House Panel Launches Contempt Proceedings Against Pompeo

Secretary of State Mike Pompeo testifies during a House Foreign Affairs Committee hearing in February about the Trump administration’s policies on Iran, Iraq and the use of force. (AP Photo/Carolyn Kaster)

(CN) — Accusing Secretary of State Mike Pompeo of repeatedly refusing to cooperate with its investigations, the House Foreign Affairs Committee announced Friday it is launching proceedings to hold him in contempt.

According to Chairman Eliot Engel, Pompeo defied two subpoenas in an investigation of U.S. foreign policy relations with Ukraine.

“He has demonstrated alarming disregard for the laws and rules governing his own conduct and for the tools the Constitution provides to prevent government corruption,” the New York Democrat said, bashing Pompeo for his refusal to cooperate with President Donald Trump’s impeachment inquiry, which was set off as a result of a July 2019 call between Trump and Ukrainian President Volodymyr Zelensky wherein Trump pressured the foreign leader to look into former Vice President Joe Biden and his son Hunter.

The first subpoena at issue was issued last September, seeking State Department records relevant to the House’s impeachment inquiry, which ultimately found the president abused the power of his office to pressure Ukraine for his own political gain.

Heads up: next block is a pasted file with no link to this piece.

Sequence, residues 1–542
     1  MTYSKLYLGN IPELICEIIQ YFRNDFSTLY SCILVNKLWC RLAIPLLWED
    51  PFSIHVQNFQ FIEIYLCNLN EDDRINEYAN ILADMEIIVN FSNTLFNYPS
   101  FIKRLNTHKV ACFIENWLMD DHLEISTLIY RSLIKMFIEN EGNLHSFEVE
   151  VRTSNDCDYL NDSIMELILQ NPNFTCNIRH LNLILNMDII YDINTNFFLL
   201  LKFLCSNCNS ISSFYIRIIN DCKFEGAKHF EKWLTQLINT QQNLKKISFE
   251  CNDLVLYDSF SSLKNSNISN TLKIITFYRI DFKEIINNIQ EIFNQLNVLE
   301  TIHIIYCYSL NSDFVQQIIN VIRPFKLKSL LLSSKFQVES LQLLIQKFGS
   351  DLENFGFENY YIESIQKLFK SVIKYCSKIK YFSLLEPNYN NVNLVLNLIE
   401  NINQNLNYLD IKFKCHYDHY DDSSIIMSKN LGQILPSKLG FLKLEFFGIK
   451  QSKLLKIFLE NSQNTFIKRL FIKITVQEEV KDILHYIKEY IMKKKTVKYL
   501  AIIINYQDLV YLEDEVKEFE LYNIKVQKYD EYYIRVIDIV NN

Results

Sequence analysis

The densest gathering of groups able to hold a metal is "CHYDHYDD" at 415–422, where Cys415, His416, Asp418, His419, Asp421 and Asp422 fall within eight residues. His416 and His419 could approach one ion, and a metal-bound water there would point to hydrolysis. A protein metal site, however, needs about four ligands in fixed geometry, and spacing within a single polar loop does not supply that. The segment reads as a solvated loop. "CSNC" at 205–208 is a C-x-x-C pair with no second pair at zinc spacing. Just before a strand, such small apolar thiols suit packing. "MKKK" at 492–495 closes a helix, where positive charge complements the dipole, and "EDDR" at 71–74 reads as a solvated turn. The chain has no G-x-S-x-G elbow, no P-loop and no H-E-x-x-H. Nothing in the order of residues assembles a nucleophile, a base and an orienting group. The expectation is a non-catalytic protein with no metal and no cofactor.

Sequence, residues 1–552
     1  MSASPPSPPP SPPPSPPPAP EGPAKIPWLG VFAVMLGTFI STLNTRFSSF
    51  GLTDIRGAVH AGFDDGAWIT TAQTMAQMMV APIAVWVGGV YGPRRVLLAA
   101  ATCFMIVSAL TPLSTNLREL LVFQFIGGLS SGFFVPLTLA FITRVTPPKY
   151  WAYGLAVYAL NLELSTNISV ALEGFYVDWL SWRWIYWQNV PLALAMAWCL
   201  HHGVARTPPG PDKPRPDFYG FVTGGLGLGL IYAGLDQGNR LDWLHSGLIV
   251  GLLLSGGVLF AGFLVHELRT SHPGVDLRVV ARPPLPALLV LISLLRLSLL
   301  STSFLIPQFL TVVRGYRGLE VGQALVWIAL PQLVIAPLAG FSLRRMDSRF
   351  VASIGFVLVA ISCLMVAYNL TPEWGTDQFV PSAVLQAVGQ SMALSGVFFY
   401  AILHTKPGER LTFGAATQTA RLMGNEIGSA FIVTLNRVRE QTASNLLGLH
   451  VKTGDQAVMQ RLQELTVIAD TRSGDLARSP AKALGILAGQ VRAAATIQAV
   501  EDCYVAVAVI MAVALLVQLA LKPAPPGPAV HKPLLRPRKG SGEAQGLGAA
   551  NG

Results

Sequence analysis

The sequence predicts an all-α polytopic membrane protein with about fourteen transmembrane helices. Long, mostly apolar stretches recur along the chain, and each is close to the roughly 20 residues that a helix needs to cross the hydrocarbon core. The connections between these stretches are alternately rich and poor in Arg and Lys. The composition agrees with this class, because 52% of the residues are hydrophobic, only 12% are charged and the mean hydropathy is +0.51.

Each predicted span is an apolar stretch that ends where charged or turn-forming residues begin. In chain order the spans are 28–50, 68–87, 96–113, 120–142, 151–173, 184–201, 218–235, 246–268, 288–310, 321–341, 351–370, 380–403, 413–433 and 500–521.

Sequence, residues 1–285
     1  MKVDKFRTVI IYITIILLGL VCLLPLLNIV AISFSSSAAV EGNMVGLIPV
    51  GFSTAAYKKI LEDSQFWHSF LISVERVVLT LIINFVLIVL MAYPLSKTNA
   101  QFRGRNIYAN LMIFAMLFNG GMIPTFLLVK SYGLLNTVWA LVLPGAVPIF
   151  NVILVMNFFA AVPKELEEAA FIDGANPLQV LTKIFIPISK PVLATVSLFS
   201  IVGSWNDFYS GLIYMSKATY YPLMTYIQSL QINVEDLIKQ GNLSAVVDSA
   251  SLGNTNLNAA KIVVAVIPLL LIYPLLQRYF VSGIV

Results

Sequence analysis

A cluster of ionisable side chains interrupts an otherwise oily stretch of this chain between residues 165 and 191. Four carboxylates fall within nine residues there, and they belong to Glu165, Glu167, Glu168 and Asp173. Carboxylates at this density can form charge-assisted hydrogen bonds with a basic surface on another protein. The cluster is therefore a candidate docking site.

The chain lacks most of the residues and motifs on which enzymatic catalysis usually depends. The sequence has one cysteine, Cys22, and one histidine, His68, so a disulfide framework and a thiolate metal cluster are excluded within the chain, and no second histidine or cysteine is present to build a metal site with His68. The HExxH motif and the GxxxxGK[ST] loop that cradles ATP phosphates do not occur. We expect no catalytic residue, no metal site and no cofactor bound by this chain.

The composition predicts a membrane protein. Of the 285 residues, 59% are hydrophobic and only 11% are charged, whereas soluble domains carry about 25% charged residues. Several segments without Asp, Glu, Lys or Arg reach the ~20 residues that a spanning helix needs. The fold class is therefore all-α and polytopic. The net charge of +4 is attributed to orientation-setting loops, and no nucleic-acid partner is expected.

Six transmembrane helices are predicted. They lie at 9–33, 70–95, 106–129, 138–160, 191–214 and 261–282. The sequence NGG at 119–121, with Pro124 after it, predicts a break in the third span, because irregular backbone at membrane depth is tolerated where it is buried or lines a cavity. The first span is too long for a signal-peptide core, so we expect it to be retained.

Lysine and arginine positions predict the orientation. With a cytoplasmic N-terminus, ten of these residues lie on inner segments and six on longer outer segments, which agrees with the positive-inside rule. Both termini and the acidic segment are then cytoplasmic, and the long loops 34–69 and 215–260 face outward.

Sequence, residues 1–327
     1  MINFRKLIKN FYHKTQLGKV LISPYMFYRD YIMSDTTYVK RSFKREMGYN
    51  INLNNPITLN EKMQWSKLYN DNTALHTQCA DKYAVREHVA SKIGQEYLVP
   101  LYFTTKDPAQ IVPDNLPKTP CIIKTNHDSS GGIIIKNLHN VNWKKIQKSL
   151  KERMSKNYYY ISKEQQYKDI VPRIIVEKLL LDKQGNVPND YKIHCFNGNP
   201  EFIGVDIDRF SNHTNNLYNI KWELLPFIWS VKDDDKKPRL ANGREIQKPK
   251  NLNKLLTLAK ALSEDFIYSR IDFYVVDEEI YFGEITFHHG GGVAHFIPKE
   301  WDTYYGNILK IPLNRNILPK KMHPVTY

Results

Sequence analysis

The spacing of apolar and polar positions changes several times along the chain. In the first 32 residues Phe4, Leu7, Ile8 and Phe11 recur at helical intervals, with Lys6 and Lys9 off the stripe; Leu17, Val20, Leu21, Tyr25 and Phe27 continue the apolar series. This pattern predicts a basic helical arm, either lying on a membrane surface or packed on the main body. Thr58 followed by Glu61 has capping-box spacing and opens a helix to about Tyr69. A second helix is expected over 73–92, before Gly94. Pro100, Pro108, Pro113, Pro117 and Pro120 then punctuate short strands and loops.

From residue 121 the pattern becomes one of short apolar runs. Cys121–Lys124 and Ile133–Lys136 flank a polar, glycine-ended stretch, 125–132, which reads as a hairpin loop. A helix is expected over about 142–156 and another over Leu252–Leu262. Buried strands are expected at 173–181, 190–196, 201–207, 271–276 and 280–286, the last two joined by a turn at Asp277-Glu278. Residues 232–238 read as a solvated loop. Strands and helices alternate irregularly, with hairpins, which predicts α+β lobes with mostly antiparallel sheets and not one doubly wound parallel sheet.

The second was issued last month as part of the Foreign Affairs Committee’s investigation of Pompeo’s alleged misuse of department resources.

The committee claims Pompeo directed his department to give more than 16,000 pages of documents to two Republican-led Senate committees’ attempts to undermine Biden, who has been leading Trump in recent polls ahead of the November election. Democrats say Pompeo has refused to hand over the same information to the Foreign Affairs Committee, which has primary jurisdiction over his department.

The contempt proceedings are being launched in response to a letter the State Department sent to Engel on Thursday. In it, Acting Assistant Secretary of State Ryan Kaldahl again denied the House committee’s request and refuted allegations that Pompeo is playing politics by only providing documents to investigative committees controlled by his own party. 

“The department categorically rejects your baseless assertion that the department may have acted inappropriately or violated any law by producing documents to two Senate committees, in your words, in ‘what appears to be partisan misuse of resources,’” Kaldahl wrote.

He added that the State Department would hand over documents if the House Foreign Affairs Committee pens a letter stating that its investigation will also look like the GOP’s probe of Biden.

“If you can confirm by letter that the committee is, in fact, substantively investigating identical or very similar corruption issues involving Ukraine and corrupt influence related to U.S. foreign policy, the department is ready to commence production of documents responsive to such a request,” Kaldahl said.

According to Engel, the response is just further evidence of Pompeo and his team’s partisanship.

“In other words, Pompeo will give the committee what we were seeking if we join in a smear of the president’s political rival. Sound familiar?” Engel said, citing an Aug. 7 statement from the Office of the Director of National Intelligence about Russian officials “spreading claims about corruption” to interfere in the U.S. presidential election.